Right now, between the left calf and the near-blisters on my feet, I can barely walk.  In an attempt to give my calf a break, I had switched from the FiveFingers to the Salewa trail-running shoes I’d worn through Israel, but I think I’d have some real blisters if we’d walked another few kilometers.  Adding socks and shoes simply adds layers of things that can abrade the skin.  Tomorrow I may switch back to the FiveFingers and my status as the most amusing tourist in Pamplona.  I have borrowed a very large ibuprofen pill from Mom’s mobile pharmacy.

Haysoos eee Maria

The Jesus y Maria hostel in Pamplona was a find.  Only 6 Euros, and it had Internet service, washing machines, and a serious kitchen, not to mention a sheet and pillow case.  Julio disappeared for a while and returned with lentils.  A while later, he came in from the kitchen.  “We are going to have two pots of lenteels,” he announced.  “One healthy one, and one with chorizo sausage.  One with cholesterol, one without cholesterol.”  He had made two pots of about five gallons each, so that we were obliged to force food on a passing Irishman, an Israeli, a young English couple, and the seven Koreans from the night before, who had come to the kitchen to make another mouth-watering meal from scratch.

I complained jokingly that we never had enough wine to get drunk.  The Irishman disappeared for a while, and returned with three bottles of Rioja.  I turned on the iPod and out spilled Dean Martin and the Gipsy Kings.  There was some singing involved, though thankfully little of it from Julio, who was busy doing his escaping-rabbit-made-from-a-handkerchief trick on Eileen and one of the friendly Korean boys.


For photos, remember to check out the albums on our Camino Not Chemo Facebook Page.

Welcome to the Camino, Carrie!

Carrie LaneWhat an extraordinary girl that is now joining us on the Camino – Carrie Lane, 15, who is related to me in two or three ways, though all of them are apparently legal.  Mom has come to know her and her mother, Laurel, and her sisters quite well over the last year; they’ve been very supportive of Mom, and have visited her in Montrose several times.  And the girls, especially Carrie, have really taken to Mom.  Which is nice.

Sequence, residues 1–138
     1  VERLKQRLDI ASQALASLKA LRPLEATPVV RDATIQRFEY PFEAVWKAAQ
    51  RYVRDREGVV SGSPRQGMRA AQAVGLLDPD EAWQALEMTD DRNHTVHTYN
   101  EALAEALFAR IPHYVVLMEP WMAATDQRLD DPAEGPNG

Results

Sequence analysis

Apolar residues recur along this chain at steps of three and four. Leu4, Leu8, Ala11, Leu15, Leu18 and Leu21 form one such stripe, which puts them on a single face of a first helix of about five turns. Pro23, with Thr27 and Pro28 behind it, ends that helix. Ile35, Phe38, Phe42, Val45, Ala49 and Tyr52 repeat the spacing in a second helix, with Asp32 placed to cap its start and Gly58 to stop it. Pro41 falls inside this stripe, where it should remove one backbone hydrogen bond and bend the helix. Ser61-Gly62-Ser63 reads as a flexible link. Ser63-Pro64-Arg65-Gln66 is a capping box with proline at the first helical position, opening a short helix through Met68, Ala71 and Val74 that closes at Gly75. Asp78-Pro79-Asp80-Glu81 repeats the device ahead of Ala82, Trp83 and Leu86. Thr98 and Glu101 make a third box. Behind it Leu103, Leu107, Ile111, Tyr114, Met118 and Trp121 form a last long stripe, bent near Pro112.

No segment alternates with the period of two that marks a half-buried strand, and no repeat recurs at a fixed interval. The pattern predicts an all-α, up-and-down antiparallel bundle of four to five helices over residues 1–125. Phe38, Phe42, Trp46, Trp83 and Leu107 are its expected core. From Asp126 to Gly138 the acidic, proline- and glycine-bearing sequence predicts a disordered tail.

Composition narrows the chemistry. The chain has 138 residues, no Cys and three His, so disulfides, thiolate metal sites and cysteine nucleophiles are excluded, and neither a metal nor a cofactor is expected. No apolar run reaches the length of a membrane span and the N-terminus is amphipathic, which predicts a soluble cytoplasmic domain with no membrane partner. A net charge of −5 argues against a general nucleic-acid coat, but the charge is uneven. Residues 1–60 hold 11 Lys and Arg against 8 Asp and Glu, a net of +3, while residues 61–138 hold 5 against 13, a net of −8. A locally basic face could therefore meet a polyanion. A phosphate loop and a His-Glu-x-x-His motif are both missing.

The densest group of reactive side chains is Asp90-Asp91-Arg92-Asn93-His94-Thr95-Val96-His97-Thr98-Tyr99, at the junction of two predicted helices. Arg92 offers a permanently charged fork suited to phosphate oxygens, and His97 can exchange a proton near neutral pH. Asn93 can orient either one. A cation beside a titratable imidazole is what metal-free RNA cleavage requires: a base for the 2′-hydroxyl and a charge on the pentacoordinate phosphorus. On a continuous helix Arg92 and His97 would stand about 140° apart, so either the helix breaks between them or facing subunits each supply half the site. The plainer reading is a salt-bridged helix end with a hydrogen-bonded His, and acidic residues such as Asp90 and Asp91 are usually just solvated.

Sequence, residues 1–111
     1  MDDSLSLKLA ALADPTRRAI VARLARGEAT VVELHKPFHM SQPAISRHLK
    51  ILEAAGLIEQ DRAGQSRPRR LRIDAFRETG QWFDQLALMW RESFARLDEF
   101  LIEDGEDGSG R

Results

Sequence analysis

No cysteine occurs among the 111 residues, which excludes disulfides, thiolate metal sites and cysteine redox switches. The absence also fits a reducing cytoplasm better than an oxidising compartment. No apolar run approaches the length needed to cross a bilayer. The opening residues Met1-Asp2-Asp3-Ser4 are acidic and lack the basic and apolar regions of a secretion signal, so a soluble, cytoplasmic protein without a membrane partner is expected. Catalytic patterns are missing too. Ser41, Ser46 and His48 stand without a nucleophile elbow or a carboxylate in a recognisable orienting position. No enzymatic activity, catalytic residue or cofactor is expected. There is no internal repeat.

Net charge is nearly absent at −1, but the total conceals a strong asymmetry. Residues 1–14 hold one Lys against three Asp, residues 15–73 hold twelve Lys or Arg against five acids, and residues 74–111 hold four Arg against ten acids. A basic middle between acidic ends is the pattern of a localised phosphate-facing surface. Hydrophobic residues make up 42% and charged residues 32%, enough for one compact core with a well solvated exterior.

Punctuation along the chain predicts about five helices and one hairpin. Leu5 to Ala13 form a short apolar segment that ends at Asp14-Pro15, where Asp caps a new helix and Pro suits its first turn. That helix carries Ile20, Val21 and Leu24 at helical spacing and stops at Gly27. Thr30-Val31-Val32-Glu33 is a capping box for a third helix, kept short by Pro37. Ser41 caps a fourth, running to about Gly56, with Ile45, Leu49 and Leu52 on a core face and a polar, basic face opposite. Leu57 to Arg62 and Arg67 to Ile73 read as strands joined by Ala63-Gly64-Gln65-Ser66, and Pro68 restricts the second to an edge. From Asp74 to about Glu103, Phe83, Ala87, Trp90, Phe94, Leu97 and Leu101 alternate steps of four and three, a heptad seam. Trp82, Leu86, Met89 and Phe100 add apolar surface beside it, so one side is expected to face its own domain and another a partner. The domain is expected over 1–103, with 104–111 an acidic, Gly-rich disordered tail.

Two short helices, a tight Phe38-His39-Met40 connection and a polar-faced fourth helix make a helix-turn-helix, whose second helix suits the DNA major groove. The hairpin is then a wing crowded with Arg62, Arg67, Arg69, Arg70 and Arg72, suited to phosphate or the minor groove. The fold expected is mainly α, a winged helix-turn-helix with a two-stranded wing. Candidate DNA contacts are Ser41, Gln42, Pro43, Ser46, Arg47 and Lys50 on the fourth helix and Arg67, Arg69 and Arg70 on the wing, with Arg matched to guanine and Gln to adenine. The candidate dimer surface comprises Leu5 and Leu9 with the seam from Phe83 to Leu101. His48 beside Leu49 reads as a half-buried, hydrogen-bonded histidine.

But I’ve never met her, and until recently wasn’t sure how she fit into the whole Colorado cosmology.  Let’s see if I can work it out:

Carrie’s mother is Laurel, the daughter of one of my many Colorado cousins, Christie Powell, and Terry Lancaster (and because Aunt Jayne Powell long ago married a Lancaster, the Lancasters and Powells are sort of one family).  Laurel has four girls, Rachel (18), Carrie, Grace (12), and Hayden (3).  Meanwhile, Carrie’s father was in school, in Rangely, Colorado, a year or so behind me . . .  So it’s all sort of overlapping.

I am still amazed that she got permission to go.  What kind of enlightened school administration would let a child leave the comforts of rote learning and conformism to launch herself into the real world and see that it is, in fact, bigger than previously imagined?  Carrie will learn a great deal, and I suspect she’ll learn a lot about how mature and capable a 15-year-old can be – which will give her valuable confidence as she heads into the challenges of the high school years.

As a coach, I can also say she’s also shown an initiative and passion she’ll well remember in later years:  she saw a goal, that of joining my mother for five weeks on the Camino in the middle of her sophomore year of high school, and then she worked her way through all obstacles in her path – starting with first one parent and then the other until they were swayed to her vision.  And then came convincing the school district of Central High in Grand Junction, Colorado, whose hand, so to speak, I still want to shake.

They won’t be sorry!  She’ll pick up more than just added confidence.  She’ll learn how to read a map; how to convert European measurements; all sorts of history, especially that of Spain, Europe, and Catholicism, all of which I know a bit about; the Spanish language (and thus some Latin); geography; currency conversion; and much more, but she’ll especially learn a great deal from the variety of seekers who come to the Camino from all over the world.  Last but not least, imagine the education, if that’s the right word, that she’ll get from watching a sixty-seven-year-old cancer survivor walk 500 miles on feet that until recently had been too scarred from prior rounds of chemo to enable much walking.

What a major accomplishment, already, for a young woman of such tender years!  She’ll remember it forever.

Which is nice.

Welcome, Carrie!